Journal Article
Randomized Controlled Trial
Research Support, Non-U.S. Gov't
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Early versus delayed antiretroviral therapy and cerebrospinal fluid fungal clearance in adults with HIV and cryptococcal meningitis.

BACKGROUND: The burden of Cryptococcus neoformans in cerebrospinal fluid (CSF) predicts clinical outcomes in human immunodeficiency virus (HIV)-associated cryptococcal meningitis (CM) and is lower in patients on antiretroviral therapy (ART). This study tested the hypothesis that initiation of ART during initial treatment of HIV/CM would improve CSF clearance of C. neoformans.

METHODS: A randomized treatment-strategy trial was conducted in Botswana. HIV-infected, ART-naive adults aged≥21 years initiating amphotericin B treatment for CM were randomized to ART initiation within 7 (intervention) vs after 28 days (control) of randomization, and the primary outcome of the rate of CSF clearance of C. neoformans over the subsequent 4 weeks was compared. Adverse events, including CM immune reconstitution inflammatory syndrome (CM-IRIS), and immunologic and virologic responses were compared over 24 weeks.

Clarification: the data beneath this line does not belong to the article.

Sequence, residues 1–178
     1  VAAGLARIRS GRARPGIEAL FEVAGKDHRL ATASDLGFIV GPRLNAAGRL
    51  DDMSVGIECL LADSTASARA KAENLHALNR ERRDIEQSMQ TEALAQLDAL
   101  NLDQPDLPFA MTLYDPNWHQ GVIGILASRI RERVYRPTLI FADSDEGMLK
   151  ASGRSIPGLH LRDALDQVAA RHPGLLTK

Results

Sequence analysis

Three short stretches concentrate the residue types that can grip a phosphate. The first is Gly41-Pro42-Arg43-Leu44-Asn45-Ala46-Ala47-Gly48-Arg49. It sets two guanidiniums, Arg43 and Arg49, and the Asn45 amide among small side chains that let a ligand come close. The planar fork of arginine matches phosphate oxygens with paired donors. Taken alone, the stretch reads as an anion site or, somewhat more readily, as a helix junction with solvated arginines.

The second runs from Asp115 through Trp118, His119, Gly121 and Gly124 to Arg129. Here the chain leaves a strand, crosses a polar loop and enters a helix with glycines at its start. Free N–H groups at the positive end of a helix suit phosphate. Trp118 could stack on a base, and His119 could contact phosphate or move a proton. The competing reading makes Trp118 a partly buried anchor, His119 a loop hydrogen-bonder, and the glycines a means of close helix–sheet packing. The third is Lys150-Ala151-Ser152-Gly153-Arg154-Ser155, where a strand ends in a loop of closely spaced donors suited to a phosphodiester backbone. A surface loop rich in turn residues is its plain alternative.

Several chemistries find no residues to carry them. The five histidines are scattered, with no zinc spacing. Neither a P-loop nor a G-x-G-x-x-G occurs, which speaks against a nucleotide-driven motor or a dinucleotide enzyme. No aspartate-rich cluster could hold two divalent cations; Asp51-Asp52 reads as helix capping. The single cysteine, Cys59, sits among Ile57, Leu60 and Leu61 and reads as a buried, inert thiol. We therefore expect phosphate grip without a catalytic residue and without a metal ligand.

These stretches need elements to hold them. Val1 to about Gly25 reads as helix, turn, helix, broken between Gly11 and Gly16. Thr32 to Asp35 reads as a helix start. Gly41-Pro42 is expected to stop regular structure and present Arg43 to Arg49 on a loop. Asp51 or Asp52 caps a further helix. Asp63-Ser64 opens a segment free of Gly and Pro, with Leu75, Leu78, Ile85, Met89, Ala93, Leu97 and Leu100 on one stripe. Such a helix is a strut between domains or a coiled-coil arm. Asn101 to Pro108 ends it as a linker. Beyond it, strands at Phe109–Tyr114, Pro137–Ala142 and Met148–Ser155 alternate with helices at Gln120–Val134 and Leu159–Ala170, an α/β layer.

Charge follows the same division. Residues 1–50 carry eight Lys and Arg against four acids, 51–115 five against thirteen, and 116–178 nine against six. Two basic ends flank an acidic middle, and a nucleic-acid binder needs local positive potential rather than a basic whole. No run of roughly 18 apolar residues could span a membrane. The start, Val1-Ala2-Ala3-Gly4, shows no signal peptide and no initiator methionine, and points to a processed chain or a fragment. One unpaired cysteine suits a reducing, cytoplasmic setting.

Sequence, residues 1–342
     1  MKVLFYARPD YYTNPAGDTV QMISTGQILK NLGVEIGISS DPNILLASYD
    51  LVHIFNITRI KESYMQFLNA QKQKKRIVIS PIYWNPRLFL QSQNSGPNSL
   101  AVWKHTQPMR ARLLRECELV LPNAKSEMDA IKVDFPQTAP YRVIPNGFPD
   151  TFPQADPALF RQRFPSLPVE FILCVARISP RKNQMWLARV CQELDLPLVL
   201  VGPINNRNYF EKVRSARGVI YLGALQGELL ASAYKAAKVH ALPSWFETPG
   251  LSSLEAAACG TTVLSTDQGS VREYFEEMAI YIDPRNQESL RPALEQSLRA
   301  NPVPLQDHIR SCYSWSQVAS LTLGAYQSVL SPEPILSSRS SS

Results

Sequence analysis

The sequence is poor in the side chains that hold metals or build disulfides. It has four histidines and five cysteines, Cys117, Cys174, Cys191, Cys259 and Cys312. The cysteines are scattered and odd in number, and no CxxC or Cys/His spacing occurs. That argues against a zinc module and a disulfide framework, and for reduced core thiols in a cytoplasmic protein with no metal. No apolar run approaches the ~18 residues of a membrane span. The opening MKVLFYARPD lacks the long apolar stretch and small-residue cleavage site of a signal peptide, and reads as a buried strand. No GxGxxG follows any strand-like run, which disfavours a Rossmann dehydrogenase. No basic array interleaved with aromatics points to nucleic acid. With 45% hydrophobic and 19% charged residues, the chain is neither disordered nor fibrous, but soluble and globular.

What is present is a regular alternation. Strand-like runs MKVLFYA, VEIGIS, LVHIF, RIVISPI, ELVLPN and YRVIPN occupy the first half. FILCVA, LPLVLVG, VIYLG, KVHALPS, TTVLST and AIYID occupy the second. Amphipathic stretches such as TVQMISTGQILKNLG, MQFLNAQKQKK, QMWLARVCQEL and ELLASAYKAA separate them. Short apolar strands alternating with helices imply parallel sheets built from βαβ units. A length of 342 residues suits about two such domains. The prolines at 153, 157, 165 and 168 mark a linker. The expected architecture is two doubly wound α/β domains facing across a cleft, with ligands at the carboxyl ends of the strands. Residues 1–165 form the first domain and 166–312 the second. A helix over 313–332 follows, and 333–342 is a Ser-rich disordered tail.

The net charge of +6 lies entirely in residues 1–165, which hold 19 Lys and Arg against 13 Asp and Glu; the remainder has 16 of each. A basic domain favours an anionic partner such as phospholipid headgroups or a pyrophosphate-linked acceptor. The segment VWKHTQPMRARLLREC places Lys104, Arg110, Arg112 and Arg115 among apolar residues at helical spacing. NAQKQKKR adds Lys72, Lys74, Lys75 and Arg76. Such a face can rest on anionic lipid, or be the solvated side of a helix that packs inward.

RESULTS: Among 27 subjects enrolled (13 intervention and 14 control), [corrected] the median times to ART initiation were 7 (interquartile range [IQR], 5–10) and 32days (IQR, 28–36), respectively. The estimated rate of CSF clearance did not differ significantly by treatment strategy (-0.32 log10 colony-forming units [CFU]/mL/day±0.20 intervention and -0.52 log10 CFUs/mL/day (±0.48) control, P=.4). Two of 13 (15%) and 5 of 14 (36%) subjects died in the intervention and control arms, respectively (P=0.39). Seven of 13 subjects (54%) in the intervention arm vs 0 of 14 in the control arm experienced CM-IRIS (P=.002).

CONCLUSIONS: Early ART was not associated with improved CSF fungal clearance, but resulted in a high risk of CM-IRIS. Further research on optimal incorporation of ART into CM care is needed.


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